Polocle


The Problems with Singapore

From the outside, Singapore looks incredible. Filled with state-of-the-art buildings and public services in every corner of the country. It's one of the cleanest, safest countries in the world and has a great reputation - attracting big businesses and garnering praise from international leaders.

However look deeper, and you find that: all that glitters is not gold.

Singapore is known for being economically prosperous, having one of the highest GDP per capita in the world. 'GDP per capita', is the amount of economic output divided by it's population - basically a fancy way of saying how much wealth the average Singaporean has.

But bear in mind the word 'average', because Singapore also has one of the highest income inequalities in the world. Income inequality typically comes when the rich makes far more than the middle-class, which leads to that earnings gap. They say if Bill Gates walked into a room, the average income of everyone would increase to over a million.

And here are more statistics: Singaporeans work one of the longest hours in the world, Singapore has one of the highest poverty rates among developed countries, and the happiness of Singaporeans often ranks low worldwide.

Coupled with the fact that Singapore is essentially a dictatorship. Singapore does allow citizens to vote, but the government controls the entire mainstream media (Newspapers, Tv Broadcasting etc.), and controls the rigid curriculum of most schools - all of which spread pro-government messaging. They've also got a compulsory 2-year military for all males 18 and above, when Singapore has never had any threat of outside danger - devised mostly to cultivate obedience. Also, the police has imprisoned people who've spoken against the Government, from owners of opposition sites like The Real Singapore and The Online Citizen, to outspoken individuals like J.B.Jeyaretnam, Chee Soon Juan, and Amos Yee (That's me).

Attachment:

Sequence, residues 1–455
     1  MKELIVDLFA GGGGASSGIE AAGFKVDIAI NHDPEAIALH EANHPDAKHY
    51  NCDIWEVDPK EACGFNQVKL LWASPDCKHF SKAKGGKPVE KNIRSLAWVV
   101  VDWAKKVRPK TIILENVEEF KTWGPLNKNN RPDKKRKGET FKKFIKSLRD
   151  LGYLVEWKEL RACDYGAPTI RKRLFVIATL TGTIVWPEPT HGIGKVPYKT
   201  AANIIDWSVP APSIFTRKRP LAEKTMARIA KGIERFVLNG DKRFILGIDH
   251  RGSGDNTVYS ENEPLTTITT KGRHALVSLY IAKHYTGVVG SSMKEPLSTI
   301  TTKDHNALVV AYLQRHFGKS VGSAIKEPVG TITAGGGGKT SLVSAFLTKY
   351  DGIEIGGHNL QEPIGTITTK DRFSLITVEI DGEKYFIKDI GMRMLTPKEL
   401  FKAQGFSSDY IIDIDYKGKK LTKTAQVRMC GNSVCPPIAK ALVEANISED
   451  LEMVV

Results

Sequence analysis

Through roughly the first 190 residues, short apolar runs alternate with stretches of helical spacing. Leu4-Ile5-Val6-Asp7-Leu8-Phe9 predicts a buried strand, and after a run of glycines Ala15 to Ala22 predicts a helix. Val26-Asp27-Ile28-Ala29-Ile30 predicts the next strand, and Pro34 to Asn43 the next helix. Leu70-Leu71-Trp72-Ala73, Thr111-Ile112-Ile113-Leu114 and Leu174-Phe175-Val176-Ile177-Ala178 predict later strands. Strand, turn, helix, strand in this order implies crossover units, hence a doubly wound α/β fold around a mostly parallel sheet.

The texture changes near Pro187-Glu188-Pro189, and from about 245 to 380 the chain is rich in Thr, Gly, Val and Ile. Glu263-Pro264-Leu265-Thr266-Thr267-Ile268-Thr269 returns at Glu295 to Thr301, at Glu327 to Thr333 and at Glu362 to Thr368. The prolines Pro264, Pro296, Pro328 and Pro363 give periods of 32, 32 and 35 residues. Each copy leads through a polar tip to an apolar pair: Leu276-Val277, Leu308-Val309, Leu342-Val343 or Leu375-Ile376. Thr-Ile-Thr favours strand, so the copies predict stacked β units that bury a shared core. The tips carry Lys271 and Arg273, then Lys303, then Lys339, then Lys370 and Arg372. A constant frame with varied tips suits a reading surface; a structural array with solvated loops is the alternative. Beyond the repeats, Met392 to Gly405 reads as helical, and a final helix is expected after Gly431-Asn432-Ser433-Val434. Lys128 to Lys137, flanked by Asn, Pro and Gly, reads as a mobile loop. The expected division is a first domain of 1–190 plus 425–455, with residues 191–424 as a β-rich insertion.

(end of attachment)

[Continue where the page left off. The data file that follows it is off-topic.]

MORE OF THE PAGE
Having this effective propaganda network has lead the same political party, 'PAP', to rule the country for the last 50 years. Singapore's current Prime Minister 'Lee Hsien Loong', is the son of Singapore's ex-prime minister 'Lee Kuan Yew'.

So looking at Singapore objectively, you find that majority of Singaporeans are actually overworked and emotionally suffering under a dictatorship, and the government silences any negative views towards them. Only the top 1% seem to enjoy Singapore, and it's the positive experience of the rich and powerful that shapes the glowing praise towards the country.

I hope not just Singaporeans, but the international community develops, a more truthful understanding of Singapore, because finally realising the country's weaknesses opens people's eyes to find solutions, that can improve the lives of Singaporeans for the better.


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Related: The Story of Amos Yee